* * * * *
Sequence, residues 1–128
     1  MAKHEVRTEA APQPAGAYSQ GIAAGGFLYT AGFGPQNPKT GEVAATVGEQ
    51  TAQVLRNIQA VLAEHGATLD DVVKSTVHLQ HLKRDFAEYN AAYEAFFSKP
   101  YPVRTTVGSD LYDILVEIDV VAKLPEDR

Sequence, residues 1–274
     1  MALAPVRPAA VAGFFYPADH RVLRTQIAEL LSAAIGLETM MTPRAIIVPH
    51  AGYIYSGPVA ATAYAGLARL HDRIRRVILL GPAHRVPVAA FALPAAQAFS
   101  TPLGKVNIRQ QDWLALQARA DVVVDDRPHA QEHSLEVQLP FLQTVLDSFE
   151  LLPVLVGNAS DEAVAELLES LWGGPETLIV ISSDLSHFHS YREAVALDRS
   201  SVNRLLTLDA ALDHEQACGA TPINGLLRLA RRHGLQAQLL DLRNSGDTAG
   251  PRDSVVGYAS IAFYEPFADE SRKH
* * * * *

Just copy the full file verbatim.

Sequence, residues 1–128
     1  MAKHEVRTEA APQPAGAYSQ GIAAGGFLYT AGFGPQNPKT GEVAATVGEQ
    51  TAQVLRNIQA VLAEHGATLD DVVKSTVHLQ HLKRDFAEYN AAYEAFFSKP
   101  YPVRTTVGSD LYDILVEIDV VAKLPEDR

Sequence, residues 1–274
     1  MALAPVRPAA VAGFFYPADH RVLRTQIAEL LSAAIGLETM MTPRAIIVPH
    51  AGYIYSGPVA ATAYAGLARL HDRIRRVILL GPAHRVPVAA FALPAAQAFS
   101  TPLGKVNIRQ QDWLALQARA DVVVDDRPHA QEHSLEVQLP FLQTVLDSFE
   151  LLPVLVGNAS DEAVAELLES LWGGPETLIV ISSDLSHFHS YREAVALDRS
   201  SVNRLLTLDA ALDHEQACGA TPINGLLRLA RRHGLQAQLL DLRNSGDTAG
   251  PRDSVVGYAS IAFYEPFADE SRKH